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Razer Mamba Gaming Mouse

Razer Mamba Gaming Mouse

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Software and Performance

The mouse does not come with a CD but contains a card directing you to the Razer website for the latest software/driver download. (Mamba Driver Page)

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The Mamba is supplied with a comprehensive software application containing all of the expected configuration options. The first page allows you to fully customise the button assignments and also lets you load them straight from a profile via any of the drop down boxes.

The second page contains the most important settings that you will need to access, starting with the DPI settings. You can configure up to 5 DPI presets and pick from the 100-5600 range at 100 DPI increments, the X and Y axis are also able to be adjusted individually.

Just below is the acceleration setting is an option to completely disable it. This is an extremely important feature for gamers and should really be turned off for any gaming whatsoever. With acceleration on, the cursor will move a different distance depending on how fast you move the mouse, so 10 inches of movement on the surface might not correspond to the same distance on the screen every time you move the mouse, therefore resulting inconsistencies will ultimately hinder gameplay.

At the bottom of this window is the polling rate option, one of the real standout features of this mouse. Thanks to the 2.4GHz wireless technology you’re able to set the polling rate to 1000Hz which is exactly what gamers want, sending X and Y calculations to the computer once every 1ms. Additionally, the Mamba continuously scans 21 channels for the clearest signal and each individual mouse has its own MAC address to avoid conflicts with other devices or Mamba mice.

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The final pages give you access to profile, macro and lighting settings as well as listing the current driver and firmware versions. All your settings can be stored and transported via the Synapse onboard memory.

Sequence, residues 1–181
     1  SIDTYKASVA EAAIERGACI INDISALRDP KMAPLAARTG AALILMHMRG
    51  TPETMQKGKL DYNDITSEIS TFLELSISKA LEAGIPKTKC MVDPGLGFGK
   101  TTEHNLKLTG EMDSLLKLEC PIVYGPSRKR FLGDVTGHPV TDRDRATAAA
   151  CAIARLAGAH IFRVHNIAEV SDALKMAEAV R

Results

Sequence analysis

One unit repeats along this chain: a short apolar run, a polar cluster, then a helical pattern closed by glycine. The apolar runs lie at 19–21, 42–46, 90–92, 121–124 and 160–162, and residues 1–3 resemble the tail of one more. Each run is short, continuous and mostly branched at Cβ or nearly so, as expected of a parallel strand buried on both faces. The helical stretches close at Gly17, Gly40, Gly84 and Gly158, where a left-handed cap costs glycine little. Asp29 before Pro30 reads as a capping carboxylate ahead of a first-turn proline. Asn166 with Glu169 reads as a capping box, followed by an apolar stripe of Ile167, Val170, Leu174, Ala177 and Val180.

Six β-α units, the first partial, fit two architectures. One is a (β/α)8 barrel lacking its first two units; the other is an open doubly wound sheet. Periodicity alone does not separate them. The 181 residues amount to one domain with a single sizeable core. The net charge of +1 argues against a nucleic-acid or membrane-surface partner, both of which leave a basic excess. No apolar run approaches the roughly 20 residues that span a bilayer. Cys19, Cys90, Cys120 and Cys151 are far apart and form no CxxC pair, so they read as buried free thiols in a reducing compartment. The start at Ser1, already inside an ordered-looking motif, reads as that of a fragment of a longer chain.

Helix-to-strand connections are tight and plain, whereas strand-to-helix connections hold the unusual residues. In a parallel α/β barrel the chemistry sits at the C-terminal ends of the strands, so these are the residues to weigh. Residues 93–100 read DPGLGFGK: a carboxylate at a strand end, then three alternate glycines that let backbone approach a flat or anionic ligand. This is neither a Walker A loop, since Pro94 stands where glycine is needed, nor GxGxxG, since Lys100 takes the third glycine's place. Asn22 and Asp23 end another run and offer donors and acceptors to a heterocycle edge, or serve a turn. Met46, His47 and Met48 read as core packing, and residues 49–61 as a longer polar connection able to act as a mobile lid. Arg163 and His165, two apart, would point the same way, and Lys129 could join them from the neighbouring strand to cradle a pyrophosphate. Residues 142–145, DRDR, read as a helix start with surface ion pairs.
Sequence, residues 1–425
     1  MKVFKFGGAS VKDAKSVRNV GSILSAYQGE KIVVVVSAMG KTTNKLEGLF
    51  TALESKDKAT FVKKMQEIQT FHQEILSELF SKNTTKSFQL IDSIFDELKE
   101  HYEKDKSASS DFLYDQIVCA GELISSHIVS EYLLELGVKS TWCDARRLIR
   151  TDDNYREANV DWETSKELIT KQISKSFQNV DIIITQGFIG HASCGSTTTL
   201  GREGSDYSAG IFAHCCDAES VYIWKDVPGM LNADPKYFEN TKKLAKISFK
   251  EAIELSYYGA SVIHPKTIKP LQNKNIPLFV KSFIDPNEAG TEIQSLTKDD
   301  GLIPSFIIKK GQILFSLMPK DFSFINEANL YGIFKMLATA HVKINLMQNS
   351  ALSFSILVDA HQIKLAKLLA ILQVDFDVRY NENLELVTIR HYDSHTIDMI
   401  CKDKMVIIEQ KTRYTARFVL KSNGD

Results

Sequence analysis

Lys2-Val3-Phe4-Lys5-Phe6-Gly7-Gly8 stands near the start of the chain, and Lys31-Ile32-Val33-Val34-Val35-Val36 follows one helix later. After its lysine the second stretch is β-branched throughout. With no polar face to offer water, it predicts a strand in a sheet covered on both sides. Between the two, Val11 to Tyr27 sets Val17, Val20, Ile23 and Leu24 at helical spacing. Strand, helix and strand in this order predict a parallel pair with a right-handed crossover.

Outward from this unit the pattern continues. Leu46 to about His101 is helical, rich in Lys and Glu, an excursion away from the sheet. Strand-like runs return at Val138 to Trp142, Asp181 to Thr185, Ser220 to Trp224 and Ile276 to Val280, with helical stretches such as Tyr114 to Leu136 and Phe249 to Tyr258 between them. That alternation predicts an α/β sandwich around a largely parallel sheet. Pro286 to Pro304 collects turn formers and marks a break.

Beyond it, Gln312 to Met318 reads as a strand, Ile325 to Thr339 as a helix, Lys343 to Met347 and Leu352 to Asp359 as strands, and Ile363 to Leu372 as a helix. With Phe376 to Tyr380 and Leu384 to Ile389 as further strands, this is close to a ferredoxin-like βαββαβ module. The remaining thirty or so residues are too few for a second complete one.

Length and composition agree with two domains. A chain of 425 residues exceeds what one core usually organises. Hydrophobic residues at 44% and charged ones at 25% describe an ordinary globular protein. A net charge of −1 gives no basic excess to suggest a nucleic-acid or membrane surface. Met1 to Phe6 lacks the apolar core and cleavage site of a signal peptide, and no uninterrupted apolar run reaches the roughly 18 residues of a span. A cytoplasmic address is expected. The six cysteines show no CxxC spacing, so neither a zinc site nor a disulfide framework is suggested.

Performance-wise the mouse certainly lives up to expectations, the specification sheet doesn’t lie and this mouse is firmly up there with the best.

To begin with the mouse is extremely comfortable to use, especially with the grips on either side; much needed additions with the extra weight of the battery pulling the butt end down when you lift the mouse for repositioning on the surface.

The Teflon pads are small yet very effective and the mouse is easily wielded with accuracy thanks to the well judged weight. With the battery pack in the mouse weighs 129g, which isn’t the lightest mouse we’ve seen but is absolutely phenomenal for a wireless mouse carrying a hefty battery. The feel of the buttons in action doesn’t let you down either – all providing a crisp, tactile click when actuated. The scroll wheel is slightly soft but gives definite feedback when used and I haven’t experienced any issues with swapping to the wrong weapon by accident in FPS games.

Sensor response is brilliant, lag is nonexistent; it literally feels like you are using a wired USB mouse, you can’t tell the difference and quickly forget that you’re using a cordless device.  Additionally, with the Mamba boasting up to 200 inches per second/50g acceleration you are going to find it difficult to fault the mechanics no matter your play style. Personally, throughout rigorous testing I was unable to get the laser to skip or force negative acceleration, sweeping the mouse across a huge distance for 180 degree turns. That said, the sensor feels like it is almost too sensitive; I find at times that the cursor can sometimes move a pixel when I use the left click button (due to it rocking slightly on the surface), this problem appears to be alleviated when I apply more pressure to the mouse vertically and if I switch to a harder surface rather than my preferred cloth.

The mouse can be charged via the cradle or by being directly plugged in and according to the manual takes 3 hours to reach full charge. As Razer claim the mouse can last on a full charge for 14 hours of continuous gameplay and 72 hours of casual play, we decided to put those figures to the test. Unfortunately after extended testing there appears to be an issue with our specific battery; we are unable to get it to display the full charge indication and could only get 5 hours of hardcore gaming from it.

Razer has been contacted regarding the issue and we are awaiting a response. Any details regarding this will be appended and added to this review.

EDIT 20th March 2009: Razer have replied to this issue and have confirmed they are taking immediate action on a firmware update which will fix the problem. Until this is released and made available to the public the full charge can be achieved by leaving the mouse in the "off" position.

About Author

Stuart Davidson

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